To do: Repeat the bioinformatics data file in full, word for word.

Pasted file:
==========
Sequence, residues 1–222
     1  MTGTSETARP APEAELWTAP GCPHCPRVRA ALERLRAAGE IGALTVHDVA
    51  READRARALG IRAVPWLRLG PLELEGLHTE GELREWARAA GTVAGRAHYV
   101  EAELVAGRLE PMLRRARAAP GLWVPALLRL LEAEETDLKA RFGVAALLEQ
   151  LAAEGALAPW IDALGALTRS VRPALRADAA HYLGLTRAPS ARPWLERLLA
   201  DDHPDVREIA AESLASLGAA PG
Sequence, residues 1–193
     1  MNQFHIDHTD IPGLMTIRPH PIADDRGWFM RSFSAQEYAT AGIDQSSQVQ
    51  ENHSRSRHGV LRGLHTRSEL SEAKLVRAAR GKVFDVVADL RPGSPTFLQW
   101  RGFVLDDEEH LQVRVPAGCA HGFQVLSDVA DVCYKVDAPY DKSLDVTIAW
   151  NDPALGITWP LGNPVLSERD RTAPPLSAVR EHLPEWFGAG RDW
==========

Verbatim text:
Sequence, residues 1–222
     1  MTGTSETARP APEAELWTAP GCPHCPRVRA ALERLRAAGE IGALTVHDVA
    51  READRARALG IRAVPWLRLG PLELEGLHTE GELREWARAA GTVAGRAHYV
   101  EAELVAGRLE PMLRRARAAP GLWVPALLRL LEAEETDLKA RFGVAALLEQ
   151  LAAEGALAPW IDALGALTRS VRPALRADAA HYLGLTRAPS ARPWLERLLA
   201  DDHPDVREIA AESLASLGAA PG
Sequence, residues 1–193
     1  MNQFHIDHTD IPGLMTIRPH PIADDRGWFM RSFSAQEYAT AGIDQSSQVQ
    51  ENHSRSRHGV LRGLHTRSEL SEAKLVRAAR GKVFDVVADL RPGSPTFLQW
   101  RGFVLDDEEH LQVRVPAGCA HGFQVLSDVA DVCYKVDAPY DKSLDVTIAW
   151  NDPALGITWP LGNPVLSERD RTAPPLSAVR EHLPEWFGAG RDW